One-time KP resident Luke Somers was a teacher and photojournalist in Yemen when he was abducted and killed by al-Qaida.
The Key Center Library will host an exhibit in February of photographs from Yemen taken by the late photojournalist Luke Somers. Somers, who lived in Palmer Lake from 2009 to 2011, was abducted by al-Qaida in Yemen in 2013 and died during a failed rescue attempt by U.S. forces in December 2014. He was 33 years old.
His mother Paula Somers, 72, of Lake Holiday, has lived on the KP for 12 years. She and her son, Jordan Somers of Seattle, have organized five exhibits of Luke’s work already. The first in the Northwest was at Seattle University in 2017.
“It was three days and it was so much work,” Paula said. “But we didn’t want to leave. We were thinking of bringing sleeping bags because it felt just so good there, surrounded by Luke.”
Luke spent hours documenting everything he could find, she said, ranging from protesters in the street to a women’s bowling team; from Yemen’s former president to children suffering malnutrition.
The first exhibit was “spectacular,” Paula said. “We had Luke’s photos and testimonials from his friends and their pictures and newspaper articles. They did an eight-page article in a newspaper in Yemen just on Luke.”
Some visitors had heard of him, some hadn’t, she said, “But they love it (the exhibit). Some people are in tears by the time they finish it, and some people are beaming, saying ‘I want to be like him.’ ”
The Somers family also met Aisha Jumaan at the first exhibit, of the Yemen Relief and Reconstruction Foundation. Jumaan organized more shows and now a portion of the proceeds from any photos sold go to her charity to feed families in Yemen.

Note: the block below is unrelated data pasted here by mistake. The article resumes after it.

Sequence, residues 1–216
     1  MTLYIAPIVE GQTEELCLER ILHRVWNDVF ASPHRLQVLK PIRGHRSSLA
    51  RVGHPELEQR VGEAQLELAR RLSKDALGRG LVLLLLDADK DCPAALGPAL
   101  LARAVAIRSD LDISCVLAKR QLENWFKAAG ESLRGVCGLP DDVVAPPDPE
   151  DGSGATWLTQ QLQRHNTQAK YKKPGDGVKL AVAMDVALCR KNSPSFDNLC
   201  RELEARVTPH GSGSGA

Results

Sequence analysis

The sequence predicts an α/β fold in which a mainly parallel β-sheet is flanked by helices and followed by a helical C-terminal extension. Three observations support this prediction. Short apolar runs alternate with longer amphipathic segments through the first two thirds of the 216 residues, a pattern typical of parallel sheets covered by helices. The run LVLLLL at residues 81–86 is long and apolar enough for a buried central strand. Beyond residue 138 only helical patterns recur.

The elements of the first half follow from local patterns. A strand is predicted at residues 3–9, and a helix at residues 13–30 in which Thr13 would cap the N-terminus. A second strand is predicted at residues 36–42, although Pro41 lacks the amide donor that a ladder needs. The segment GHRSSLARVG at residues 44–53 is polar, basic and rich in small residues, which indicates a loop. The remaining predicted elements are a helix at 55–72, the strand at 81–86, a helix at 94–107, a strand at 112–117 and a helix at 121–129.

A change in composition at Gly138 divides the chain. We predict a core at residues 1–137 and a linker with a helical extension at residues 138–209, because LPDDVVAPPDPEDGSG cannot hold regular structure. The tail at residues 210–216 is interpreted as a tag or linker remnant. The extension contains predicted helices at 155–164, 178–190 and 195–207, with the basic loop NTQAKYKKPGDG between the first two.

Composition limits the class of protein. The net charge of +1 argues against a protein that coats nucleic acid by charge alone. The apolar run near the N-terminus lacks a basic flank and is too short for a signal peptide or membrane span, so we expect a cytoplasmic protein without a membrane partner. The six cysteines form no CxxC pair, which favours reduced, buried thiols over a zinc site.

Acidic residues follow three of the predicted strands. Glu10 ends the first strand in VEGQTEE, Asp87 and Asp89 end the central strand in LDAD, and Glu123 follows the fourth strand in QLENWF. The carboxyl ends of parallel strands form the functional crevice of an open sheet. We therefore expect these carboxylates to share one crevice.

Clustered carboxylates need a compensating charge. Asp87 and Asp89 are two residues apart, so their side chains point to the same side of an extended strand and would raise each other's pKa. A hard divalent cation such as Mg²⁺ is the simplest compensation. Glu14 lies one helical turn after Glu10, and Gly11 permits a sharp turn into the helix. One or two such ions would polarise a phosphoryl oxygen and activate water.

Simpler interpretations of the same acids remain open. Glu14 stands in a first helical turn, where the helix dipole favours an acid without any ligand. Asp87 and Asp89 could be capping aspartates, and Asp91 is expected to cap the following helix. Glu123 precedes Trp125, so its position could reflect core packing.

Luke lived with his mother in Palmer Lake while taking a course to learn how to teach English in a foreign country and developing his photography skills. He went to high school in Renton and attended Beloit University, where he graduated in 2008 after studying abroad in Morocco and Egypt. He worked in various parts of the United States, including Washington, D.C., and Alaska, and had volunteered abroad, when he decided to teach overseas.
Luke saw an advertisement for a job teaching English in Yemen at the time of the Arab Spring and was excited to go.
“I had the fortune to arrive in Sana’a, Yemen in later February 2011 — just as tents were being erected and as rallying cries were growing loud and clear,” he wrote. “I found myself within walking distance of the epicenter of a remarkable revolutionary movement in its earliest stages.”
Luke was popular with his students and colleagues, but gradually shifted his focus to become a full-time freelance journalist working for Yemeni newspapers. He went on to sell photos to The New York Times, Al-Jazeera and the BBC. He also exhibited his work in Granada, Spain, in a 2011 show called “Women and the Arab Spring” and in a show called “Yemen: An Ongoing Retrospective” in Brussels in 2012.
Paula said Luke felt at home in Yemen. “He loved the people. He took pictures of lots of everyday sorts of things that other journalists weren’t doing,” she said.
In 2012, Luke began work as a copy editor and photographer for the National Dialogue Conference between local and foreign government officials and tribal leaders working on a peace agreement.
He was preparing to come home for a visit when he was abducted in September 2013. He and a second hostage were killed in December 2014 during a rescue attempt.